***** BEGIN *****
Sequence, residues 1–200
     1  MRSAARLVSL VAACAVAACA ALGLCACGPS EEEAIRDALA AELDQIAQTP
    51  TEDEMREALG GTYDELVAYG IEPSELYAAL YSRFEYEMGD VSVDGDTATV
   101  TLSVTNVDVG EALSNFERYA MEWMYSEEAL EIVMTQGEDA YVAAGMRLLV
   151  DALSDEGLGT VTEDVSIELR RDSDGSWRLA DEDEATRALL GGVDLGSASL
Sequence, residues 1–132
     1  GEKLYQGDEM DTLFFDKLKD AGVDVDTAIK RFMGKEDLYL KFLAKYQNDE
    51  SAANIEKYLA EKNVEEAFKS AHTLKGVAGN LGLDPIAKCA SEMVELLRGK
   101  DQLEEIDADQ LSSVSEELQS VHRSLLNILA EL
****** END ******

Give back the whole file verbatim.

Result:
Sequence, residues 1–200
     1  MRSAARLVSL VAACAVAACA ALGLCACGPS EEEAIRDALA AELDQIAQTP
    51  TEDEMREALG GTYDELVAYG IEPSELYAAL YSRFEYEMGD VSVDGDTATV
   101  TLSVTNVDVG EALSNFERYA MEWMYSEEAL EIVMTQGEDA YVAAGMRLLV
   151  DALSDEGLGT VTEDVSIELR RDSDGSWRLA DEDEATRALL GGVDLGSASL
Sequence, residues 1–132
     1  GEKLYQGDEM DTLFFDKLKD AGVDVDTAIK RFMGKEDLYL KFLAKYQNDE
    51  SAANIEKYLA EKNVEEAFKS AHTLKGVAGN LGLDPIAKCA SEMVELLRGK
   101  DQLEEIDADQ LSSVSEELQS VHRSLLNILA EL